He explained the following are usually the main reasons why:
- It’s the only way they believe they can connect with you.
- They like to have power over you.
- They’re a bully.
- Convincing you to agree with them validates their beliefs.
Once you understand their motivation, Wanis said it can be easier to not react to their provocations.
“It’s learning to detach yourself from an outcome. If you want this person to approve or validate [you] then they have control over you,” he said.
“You hear the words and you don’t react because you don’t have to prove anything,” he continued. “The moment you believe you have to prove something or that you have to convince someone of something is when you’re going to get yourself in trouble.”
Wanis pointed out that another strategy is to ask questions.
“Say, ‘Why do you like President Trump so much?’ or ‘Why do you not like President Trump so much?’ And if you are just willing to listen, not only will you learn something, but you might learn something about the person and might get a greater insight into their core values, and you might realize they are probably not that different than you,” he said.
If you need to change the subject, he advised saying something along the lines of, “If President Trump bothers you so much, don’t think about him.” And then ask the person to tell you about what they’re most passionate about in life to change the subject.
When you’re the host, so much goes into making sure your guests feel comfortable and welcome. If you anticipate heated discussions at your party, here are a few ways to set the tone:
Be direct on your invite
Include a simple statement on the invitation, such as, “To ensure a fun time is had by all, please respect that there will be no political discussions.”
If you want to allow the discussion, Wanis says to set the ground rules and tell your guests upfront, “‘I’m happy for you all to be at my table, and to discuss and debate, but the moment there is a personal attack on someone, I will ask you to leave,’” he said.
Make it clear at the door
“If it’s a dynamic going on within the family or with friends, then there is humor and seriousness to this. Put a sign on your front door that says, ‘Leave the attitude at home,’” Ruskin said.
Talk to the instigator
If you know there’s someone who tends to be really provocative, talk to them ahead of time or pull that person aside when they arrive and tell them to leave the politics, religion, and other hot topics aside.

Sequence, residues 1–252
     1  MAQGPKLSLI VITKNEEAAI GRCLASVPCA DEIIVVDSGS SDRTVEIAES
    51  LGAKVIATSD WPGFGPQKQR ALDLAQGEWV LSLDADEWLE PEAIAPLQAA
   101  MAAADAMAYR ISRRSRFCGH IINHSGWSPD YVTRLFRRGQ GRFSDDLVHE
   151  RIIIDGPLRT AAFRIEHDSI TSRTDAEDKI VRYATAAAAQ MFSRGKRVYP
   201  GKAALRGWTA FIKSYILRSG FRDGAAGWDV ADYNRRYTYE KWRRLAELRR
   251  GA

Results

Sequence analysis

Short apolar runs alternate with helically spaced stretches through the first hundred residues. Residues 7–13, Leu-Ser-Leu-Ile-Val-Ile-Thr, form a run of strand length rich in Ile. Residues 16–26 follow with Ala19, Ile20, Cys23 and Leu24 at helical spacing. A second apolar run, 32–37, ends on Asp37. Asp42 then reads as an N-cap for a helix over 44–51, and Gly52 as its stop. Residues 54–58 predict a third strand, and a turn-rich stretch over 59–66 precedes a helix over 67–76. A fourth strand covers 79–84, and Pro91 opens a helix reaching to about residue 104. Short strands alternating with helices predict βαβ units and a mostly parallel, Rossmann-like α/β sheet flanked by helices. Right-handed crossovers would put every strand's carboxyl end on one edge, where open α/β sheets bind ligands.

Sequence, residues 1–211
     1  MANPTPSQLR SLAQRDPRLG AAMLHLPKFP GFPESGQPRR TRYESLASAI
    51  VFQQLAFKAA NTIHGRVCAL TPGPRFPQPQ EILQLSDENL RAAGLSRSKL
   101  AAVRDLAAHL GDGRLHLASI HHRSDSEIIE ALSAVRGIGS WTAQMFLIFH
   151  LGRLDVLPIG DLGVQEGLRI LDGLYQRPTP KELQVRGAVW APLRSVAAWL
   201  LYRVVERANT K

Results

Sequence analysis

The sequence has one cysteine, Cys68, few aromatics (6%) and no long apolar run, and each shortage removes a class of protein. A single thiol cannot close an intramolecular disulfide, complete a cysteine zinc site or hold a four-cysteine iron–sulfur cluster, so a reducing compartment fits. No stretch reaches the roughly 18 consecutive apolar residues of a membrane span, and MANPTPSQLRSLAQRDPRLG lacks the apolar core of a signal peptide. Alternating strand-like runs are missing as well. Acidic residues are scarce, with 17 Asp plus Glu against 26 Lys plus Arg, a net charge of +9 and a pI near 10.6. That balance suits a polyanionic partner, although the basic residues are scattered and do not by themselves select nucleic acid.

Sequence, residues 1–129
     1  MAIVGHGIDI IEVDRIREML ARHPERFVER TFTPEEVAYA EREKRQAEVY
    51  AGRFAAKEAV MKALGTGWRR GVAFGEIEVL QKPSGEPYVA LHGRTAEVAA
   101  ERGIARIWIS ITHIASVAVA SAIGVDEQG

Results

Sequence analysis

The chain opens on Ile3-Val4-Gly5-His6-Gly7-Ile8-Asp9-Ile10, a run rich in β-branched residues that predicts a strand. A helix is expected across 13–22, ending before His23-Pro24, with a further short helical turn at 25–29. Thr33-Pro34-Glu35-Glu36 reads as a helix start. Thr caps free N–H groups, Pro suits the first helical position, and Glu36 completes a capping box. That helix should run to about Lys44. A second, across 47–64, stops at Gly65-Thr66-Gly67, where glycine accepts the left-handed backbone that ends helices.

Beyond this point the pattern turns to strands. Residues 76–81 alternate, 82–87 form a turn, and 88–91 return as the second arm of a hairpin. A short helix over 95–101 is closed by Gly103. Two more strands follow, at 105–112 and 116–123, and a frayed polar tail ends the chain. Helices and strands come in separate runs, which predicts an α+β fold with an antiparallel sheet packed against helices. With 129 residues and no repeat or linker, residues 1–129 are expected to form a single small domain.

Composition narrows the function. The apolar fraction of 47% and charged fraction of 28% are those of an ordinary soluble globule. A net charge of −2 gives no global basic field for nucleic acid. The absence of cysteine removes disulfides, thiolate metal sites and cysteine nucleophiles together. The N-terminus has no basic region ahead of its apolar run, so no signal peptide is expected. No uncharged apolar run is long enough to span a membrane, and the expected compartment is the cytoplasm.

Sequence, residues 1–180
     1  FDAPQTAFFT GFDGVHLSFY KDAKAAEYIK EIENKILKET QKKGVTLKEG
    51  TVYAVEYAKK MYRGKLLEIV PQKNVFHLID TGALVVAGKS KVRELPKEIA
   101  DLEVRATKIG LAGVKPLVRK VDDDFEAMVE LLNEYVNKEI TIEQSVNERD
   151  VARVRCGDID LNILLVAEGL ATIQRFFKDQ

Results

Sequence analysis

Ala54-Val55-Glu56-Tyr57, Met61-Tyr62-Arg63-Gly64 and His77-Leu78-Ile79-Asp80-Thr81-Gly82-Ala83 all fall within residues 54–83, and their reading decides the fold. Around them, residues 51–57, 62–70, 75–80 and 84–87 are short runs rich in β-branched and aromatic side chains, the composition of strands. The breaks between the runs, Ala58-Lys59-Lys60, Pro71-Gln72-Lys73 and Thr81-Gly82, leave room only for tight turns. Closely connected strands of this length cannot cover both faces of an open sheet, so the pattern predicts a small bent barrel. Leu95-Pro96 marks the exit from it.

“It’s harder when there is a power dynamic, so if you’re a young adult and hosting and it’s your parent or grandparent or aunt or uncle, you may not feel comfortable pulling that person aside and saying, ‘Hey, you tend to antagonize people when you talk about politics,’ so then you need to tell someone else to [speak with them]. If it’s a grandparent, ask a parent to talk to them,” Goldsmith said.
If you want to avoid sitting around and talking all night, Ruskin said it’s a good idea to plan activities or games throughout the night.
“Pace the games, too. Maybe plan a game before the meal to set the tone, and after the meal to [break up dinner conversations],” she said.
If you’re the one bringing up a difficult topic, be prepared
If there’s a topic you want to discuss with family and friends over the holidays, Goldsmith said to prepare your thoughts and know when it’s time to stop talking.
“Before the holidays, think about what your [goal is], because if you want to have a difficult conversation you can’t just jump into it particularly after everyone has had two or three drinks in the middle of Christmas dinner. It’s going to feel like a gotcha moment and the alcohol doesn’t help,” he said.
Goldsmith suggests asking yourself how you want to feel at the end of the talk. Avoid going into the talk with the goal of convincing people to think or believe a certain way.
“When you think about it that way, you are able to take radical responsibility for your own behavior and own experience. Doing that allows you to insert a pause where you’re not just impulsively or reactively jumping in, but rather moving in a mindful and committed way,” he said.
Once you share your thoughts, be prepared to listen and be empathic of what other people are saying — even if you don’t agree.
“The hallmark of really deep conversation is empathic listening, which doesn’t mean you have to agree, but that you have to step into the other person’s shoes long enough to understand how and why they feel what they feel,” Goldsmith said.